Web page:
So after our visit, we continued the walk with kirtan on the grounds of McGill.  The security, lead by three people, approached our man in the front and inquired.  I guess the grounds do not permit assemblies of different kinds.  When they saw how harmless we were, and that we were ‘just passing through’, they let us off the hook.  They were taken by the good vibes.

May the Source be with you!

6 KM

Sunday, August 31st, 2014

Montreal, Quebec

For Montreal
Before I left for a quick flight to Montreal, I discovered some guy sprawled out on the outdoor stair landing of our ashram. No doubt the fellow had passed out or was fast asleep or something, a result of some intoxication.

"You won't be able to stay here," I said as he was blocking the way.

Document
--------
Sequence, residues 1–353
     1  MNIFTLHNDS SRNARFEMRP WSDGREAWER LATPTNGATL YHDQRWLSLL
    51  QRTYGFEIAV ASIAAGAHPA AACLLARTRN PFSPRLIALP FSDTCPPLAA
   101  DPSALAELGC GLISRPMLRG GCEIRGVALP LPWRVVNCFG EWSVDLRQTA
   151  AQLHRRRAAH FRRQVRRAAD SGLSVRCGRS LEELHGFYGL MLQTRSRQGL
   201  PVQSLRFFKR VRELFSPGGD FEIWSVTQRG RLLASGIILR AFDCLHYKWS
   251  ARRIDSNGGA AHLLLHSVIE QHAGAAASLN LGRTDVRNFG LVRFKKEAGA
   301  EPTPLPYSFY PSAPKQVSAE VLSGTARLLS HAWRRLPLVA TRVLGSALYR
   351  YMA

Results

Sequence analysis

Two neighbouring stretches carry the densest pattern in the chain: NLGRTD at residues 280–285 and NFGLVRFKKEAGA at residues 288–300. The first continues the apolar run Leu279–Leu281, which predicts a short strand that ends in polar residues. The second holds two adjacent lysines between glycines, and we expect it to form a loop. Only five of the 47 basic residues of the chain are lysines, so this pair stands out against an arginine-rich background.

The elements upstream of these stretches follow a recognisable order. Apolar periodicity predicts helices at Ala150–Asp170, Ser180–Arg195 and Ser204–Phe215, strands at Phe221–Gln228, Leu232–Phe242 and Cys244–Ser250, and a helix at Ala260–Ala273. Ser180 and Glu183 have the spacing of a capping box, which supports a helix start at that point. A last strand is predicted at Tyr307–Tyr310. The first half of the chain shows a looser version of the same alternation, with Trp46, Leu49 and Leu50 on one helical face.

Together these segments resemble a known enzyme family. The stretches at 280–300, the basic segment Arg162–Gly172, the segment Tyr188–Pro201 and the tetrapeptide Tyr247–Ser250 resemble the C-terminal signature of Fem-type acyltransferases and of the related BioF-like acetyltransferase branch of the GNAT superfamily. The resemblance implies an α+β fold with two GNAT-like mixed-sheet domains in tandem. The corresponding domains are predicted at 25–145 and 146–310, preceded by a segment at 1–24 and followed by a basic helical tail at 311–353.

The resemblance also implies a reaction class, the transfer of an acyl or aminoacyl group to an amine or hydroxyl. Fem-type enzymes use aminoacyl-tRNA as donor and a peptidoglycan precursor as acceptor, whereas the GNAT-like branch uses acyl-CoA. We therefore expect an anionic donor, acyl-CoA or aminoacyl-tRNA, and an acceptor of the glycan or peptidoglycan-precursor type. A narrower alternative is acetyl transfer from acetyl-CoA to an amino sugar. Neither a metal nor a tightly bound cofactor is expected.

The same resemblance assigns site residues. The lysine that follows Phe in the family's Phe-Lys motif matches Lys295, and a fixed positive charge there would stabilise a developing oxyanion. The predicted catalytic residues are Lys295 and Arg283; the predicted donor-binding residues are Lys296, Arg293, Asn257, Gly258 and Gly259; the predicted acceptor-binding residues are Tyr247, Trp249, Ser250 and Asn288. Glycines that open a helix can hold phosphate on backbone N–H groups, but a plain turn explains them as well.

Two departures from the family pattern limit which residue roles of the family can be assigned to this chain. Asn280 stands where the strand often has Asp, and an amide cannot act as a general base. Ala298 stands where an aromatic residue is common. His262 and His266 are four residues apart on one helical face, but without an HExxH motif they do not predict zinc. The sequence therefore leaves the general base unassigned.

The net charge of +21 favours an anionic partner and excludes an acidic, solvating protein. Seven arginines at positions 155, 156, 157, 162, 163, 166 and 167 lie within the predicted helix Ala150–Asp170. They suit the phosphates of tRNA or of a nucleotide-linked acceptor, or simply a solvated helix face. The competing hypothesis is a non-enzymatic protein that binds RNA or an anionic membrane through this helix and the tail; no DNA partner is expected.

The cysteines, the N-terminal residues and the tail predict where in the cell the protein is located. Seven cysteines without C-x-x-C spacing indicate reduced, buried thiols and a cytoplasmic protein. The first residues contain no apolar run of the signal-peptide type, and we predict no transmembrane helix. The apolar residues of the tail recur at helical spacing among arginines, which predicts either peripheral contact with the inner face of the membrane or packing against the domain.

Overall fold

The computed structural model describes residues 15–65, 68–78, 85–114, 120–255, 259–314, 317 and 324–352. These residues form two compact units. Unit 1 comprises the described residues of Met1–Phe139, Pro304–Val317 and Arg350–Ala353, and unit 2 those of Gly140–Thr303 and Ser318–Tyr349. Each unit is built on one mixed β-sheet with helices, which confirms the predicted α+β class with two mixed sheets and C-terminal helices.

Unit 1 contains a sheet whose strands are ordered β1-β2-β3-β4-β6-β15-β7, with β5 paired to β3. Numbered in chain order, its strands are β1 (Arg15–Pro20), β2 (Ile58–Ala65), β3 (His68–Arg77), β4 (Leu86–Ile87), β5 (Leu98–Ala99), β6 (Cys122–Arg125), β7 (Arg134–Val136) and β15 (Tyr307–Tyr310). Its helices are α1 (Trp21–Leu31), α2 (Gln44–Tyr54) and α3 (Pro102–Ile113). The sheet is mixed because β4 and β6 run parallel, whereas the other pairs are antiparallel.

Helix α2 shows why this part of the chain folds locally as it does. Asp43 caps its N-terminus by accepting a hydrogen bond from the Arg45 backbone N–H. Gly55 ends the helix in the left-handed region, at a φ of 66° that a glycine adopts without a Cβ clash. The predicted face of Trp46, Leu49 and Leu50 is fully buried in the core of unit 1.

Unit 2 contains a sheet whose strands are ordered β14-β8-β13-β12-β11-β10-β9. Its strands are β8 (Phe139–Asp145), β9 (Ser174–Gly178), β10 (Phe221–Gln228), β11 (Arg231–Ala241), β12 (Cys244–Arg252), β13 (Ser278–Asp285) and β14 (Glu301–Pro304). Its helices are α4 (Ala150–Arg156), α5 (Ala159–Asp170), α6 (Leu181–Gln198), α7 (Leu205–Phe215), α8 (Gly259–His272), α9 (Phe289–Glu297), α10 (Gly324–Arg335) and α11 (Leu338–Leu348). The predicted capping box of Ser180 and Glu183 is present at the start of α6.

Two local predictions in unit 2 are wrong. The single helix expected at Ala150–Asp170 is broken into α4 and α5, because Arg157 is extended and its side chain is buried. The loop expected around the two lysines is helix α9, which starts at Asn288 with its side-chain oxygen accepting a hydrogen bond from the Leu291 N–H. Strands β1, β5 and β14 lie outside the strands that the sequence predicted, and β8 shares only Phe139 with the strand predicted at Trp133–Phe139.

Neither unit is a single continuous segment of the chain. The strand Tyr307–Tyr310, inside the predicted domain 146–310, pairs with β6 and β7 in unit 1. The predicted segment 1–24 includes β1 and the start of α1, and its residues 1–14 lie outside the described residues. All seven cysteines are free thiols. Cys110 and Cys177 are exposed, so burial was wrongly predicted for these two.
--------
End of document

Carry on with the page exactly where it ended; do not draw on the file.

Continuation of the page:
Instantaneously he woke up, looked up to notice me and said, "Oh! Buddha!" I had remarked something to Dakshin, a monk visiting from Miami, and who had been standing nearby. The fellow managed to hoist himself to midway and said, "Oh! Another Buddha!"

"Yes, well, the two Buddhas are trying to say that you have to move on. Do you mind?"

He complied and left, hopefully to seek nirvana.

The purpose to my visit to Montreal was to do a talk during a festival in honor of our guru, Srila Prabhupada. I spoke about my personal time with him in Atlanta, Chicago, Detroit, and Toronto. About half of the anecdotes had to do with my walking with him and his entourage. 

Then I learned from the coordinator of the event that in '68, when our guru made his first visit to Montreal to deal with U.S. visa issues, he had walked a good seven to eight kilometres from the Notre Dame Basilica to the ecumenical centre for visiting all religions: "Le Centre Montchanais." This was in June, July and August.